Difficulties of Shortlisting and the Effects of Poor Grammar

 

 

3ca0556 - Difficulties of Shortlisting and the Effects of Poor Grammar

Before I joined the Fresh HR Insights team I had always been on the employee side of the recruitment process and often wondered how they found the right person for the job? Did they just throw a pile of resumes in the air and hire the first candidate that landed face up on their desk? It was quite an eye opener to see the other side of the process and I quickly learned the difficultly that recruiters face.

Friday afternoon I posted the job advertisement only to walk back into the office on the Monday morning to 100 or more applications waiting to be reviewed and shortlisted. With the unemployment rate within the Gold Coast being 5.4% I shouldn’t have been surprised.

The objectives of shortlisting is to define the candidates that best fit the job description criteria provided and remove those candidates who do not.

After looking at 100 resumes it became quite clear to me how many individuals do not present themselves in a clear enough manner which best represents themselves, their abilities and their past employment. When having so many resumes to look through you need to make yourself stand out above the other 100 or more applications that also applied.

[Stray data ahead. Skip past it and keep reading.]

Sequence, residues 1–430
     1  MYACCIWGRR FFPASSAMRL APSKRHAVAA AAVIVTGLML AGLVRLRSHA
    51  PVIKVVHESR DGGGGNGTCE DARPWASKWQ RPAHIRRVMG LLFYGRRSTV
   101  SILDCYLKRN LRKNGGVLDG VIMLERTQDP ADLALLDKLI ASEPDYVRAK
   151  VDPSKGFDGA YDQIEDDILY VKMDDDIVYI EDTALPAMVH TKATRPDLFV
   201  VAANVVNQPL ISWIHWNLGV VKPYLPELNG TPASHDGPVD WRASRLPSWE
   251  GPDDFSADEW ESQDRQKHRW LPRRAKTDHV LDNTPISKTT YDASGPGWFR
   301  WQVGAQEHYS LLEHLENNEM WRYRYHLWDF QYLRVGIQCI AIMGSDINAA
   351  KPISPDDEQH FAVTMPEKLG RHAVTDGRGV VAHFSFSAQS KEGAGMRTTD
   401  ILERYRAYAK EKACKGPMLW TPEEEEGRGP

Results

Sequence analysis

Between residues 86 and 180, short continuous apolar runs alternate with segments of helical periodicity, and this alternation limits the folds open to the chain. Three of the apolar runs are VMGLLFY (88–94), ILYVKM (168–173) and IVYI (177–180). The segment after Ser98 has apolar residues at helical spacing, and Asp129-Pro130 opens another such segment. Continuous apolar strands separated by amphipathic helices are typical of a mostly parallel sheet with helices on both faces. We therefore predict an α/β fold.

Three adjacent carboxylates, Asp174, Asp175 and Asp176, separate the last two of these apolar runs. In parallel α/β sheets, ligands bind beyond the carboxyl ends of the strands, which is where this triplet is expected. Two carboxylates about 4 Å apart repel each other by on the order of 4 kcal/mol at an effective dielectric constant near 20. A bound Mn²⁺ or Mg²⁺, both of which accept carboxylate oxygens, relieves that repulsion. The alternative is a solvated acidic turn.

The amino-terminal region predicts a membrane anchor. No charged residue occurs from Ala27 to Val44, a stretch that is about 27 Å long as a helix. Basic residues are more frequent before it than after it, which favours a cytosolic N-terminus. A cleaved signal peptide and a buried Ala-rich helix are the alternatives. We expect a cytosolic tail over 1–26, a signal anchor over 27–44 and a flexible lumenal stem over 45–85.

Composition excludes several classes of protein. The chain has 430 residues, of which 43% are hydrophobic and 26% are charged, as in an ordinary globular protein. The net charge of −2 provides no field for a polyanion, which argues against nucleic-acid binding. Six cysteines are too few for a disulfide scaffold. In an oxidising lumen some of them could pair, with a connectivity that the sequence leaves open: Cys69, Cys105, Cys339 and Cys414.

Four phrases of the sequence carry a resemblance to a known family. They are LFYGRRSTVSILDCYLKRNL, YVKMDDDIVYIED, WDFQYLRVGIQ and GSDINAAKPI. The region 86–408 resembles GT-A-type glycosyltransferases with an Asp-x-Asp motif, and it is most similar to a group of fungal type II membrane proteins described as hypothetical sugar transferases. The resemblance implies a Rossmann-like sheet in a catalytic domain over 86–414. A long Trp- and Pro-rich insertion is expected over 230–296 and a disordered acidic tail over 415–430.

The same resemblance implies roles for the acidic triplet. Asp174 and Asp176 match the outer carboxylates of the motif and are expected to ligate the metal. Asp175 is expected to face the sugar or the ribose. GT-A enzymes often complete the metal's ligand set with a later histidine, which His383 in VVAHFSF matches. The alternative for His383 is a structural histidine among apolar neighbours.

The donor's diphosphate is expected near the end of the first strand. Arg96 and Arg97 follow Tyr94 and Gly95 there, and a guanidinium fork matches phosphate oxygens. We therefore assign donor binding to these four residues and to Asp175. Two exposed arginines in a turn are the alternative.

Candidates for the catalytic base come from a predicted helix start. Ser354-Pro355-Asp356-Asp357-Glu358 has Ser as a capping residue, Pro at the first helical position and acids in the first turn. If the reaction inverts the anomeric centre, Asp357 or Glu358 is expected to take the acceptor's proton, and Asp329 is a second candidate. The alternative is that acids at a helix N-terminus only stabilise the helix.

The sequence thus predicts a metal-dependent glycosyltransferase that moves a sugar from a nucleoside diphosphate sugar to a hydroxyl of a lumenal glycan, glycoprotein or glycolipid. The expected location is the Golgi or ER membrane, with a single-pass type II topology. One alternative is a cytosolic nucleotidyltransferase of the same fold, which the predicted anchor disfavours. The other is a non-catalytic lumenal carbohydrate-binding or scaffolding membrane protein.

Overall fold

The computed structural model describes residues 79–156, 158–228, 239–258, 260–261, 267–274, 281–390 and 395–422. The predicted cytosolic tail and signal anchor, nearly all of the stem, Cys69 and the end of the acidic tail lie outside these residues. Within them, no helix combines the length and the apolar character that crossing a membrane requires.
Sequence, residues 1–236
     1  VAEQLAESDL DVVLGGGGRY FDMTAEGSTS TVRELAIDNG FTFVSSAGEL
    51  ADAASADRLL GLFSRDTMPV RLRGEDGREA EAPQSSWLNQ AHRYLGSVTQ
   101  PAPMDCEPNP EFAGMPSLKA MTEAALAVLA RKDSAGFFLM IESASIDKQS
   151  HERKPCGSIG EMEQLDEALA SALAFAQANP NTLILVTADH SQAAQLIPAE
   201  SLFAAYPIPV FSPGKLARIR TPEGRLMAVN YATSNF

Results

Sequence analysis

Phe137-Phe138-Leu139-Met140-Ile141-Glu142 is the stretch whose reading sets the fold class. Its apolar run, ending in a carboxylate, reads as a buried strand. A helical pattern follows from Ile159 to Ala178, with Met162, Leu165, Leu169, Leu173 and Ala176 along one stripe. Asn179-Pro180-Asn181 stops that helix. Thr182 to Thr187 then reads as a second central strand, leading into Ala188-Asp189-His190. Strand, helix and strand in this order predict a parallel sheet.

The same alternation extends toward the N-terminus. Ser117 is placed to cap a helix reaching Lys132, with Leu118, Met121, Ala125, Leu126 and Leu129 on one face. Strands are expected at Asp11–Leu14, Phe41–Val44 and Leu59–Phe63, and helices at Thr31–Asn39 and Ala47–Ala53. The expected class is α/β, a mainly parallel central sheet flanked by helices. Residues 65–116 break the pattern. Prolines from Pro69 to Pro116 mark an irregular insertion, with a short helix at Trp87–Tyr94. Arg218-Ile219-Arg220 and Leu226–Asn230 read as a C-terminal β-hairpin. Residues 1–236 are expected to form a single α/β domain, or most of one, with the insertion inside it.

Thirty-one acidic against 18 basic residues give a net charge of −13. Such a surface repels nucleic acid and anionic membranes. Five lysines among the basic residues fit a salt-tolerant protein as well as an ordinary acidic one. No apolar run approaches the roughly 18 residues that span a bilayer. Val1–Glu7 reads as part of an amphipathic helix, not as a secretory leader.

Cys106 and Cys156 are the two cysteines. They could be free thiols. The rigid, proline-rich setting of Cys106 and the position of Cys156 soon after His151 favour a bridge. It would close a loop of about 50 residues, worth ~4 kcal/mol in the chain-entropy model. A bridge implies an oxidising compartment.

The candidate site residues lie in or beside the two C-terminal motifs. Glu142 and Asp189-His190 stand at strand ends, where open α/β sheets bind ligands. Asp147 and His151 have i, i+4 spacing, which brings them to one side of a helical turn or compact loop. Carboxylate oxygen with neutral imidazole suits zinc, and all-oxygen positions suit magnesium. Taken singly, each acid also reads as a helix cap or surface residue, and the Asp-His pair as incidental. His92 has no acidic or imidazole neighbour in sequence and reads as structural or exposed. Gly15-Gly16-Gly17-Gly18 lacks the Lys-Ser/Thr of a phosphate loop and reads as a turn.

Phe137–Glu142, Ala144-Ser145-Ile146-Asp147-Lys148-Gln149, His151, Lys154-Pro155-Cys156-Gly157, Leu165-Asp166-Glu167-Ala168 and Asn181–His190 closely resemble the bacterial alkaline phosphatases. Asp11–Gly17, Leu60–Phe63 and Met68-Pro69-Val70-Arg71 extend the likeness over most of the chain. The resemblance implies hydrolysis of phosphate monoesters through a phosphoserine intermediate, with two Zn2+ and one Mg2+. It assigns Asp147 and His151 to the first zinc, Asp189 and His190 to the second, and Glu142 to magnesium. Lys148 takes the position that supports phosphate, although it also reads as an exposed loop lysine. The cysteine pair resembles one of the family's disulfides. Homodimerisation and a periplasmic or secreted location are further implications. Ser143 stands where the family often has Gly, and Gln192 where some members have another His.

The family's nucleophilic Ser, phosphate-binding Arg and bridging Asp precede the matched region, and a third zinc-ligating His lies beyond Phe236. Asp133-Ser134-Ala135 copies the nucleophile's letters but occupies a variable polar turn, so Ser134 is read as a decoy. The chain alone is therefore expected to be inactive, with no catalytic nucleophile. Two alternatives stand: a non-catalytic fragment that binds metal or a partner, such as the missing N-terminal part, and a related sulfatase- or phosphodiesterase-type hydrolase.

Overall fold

One critical element which stood out in many resumes was the lack of grammatical skills; this instantly provides the reader with a few assumptions. For example the reader may assume that you weren’t motivated or interested enough in the job to spend more time proofreading your application before submitting. According to a survey conducted by Jobvite 67% of recruiters have a negative reaction towards the use of poor grammar or spelling, this shows the importance of ensuring that you present an application, resume or cover letter with appropriate language and formatting.

Article provided to you by: Emily Fleming ‚ ¨ My Fresh Steps ‚ ¨ Resume Writing and Interview Coaching Service